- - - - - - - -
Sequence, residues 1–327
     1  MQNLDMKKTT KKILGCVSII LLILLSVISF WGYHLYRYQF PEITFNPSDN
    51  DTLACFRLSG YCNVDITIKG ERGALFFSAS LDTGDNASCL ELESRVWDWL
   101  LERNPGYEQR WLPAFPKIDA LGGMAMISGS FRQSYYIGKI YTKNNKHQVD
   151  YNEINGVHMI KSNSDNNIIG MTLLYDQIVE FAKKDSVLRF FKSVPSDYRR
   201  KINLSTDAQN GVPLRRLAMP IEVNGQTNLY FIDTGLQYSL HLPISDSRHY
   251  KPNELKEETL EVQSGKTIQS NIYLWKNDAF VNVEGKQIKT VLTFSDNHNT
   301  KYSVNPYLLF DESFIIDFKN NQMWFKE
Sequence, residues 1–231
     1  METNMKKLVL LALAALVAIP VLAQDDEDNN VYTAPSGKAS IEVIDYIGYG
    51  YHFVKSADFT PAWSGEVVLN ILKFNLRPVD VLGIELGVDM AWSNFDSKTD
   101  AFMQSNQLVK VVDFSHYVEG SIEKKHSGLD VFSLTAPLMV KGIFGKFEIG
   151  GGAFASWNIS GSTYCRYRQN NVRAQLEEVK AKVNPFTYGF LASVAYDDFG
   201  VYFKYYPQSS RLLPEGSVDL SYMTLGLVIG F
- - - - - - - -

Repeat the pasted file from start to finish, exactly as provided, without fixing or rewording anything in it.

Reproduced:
Sequence, residues 1–327
     1  MQNLDMKKTT KKILGCVSII LLILLSVISF WGYHLYRYQF PEITFNPSDN
    51  DTLACFRLSG YCNVDITIKG ERGALFFSAS LDTGDNASCL ELESRVWDWL
   101  LERNPGYEQR WLPAFPKIDA LGGMAMISGS FRQSYYIGKI YTKNNKHQVD
   151  YNEINGVHMI KSNSDNNIIG MTLLYDQIVE FAKKDSVLRF FKSVPSDYRR
   201  KINLSTDAQN GVPLRRLAMP IEVNGQTNLY FIDTGLQYSL HLPISDSRHY
   251  KPNELKEETL EVQSGKTIQS NIYLWKNDAF VNVEGKQIKT VLTFSDNHNT
   301  KYSVNPYLLF DESFIIDFKN NQMWFKE
Sequence, residues 1–231
     1  METNMKKLVL LALAALVAIP VLAQDDEDNN VYTAPSGKAS IEVIDYIGYG
    51  YHFVKSADFT PAWSGEVVLN ILKFNLRPVD VLGIELGVDM AWSNFDSKTD
   101  AFMQSNQLVK VVDFSHYVEG SIEKKHSGLD VFSLTAPLMV KGIFGKFEIG
   151  GGAFASWNIS GSTYCRYRQN NVRAQLEEVK AKVNPFTYGF LASVAYDDFG
   201  VYFKYYPQSS RLLPEGSVDL SYMTLGLVIG F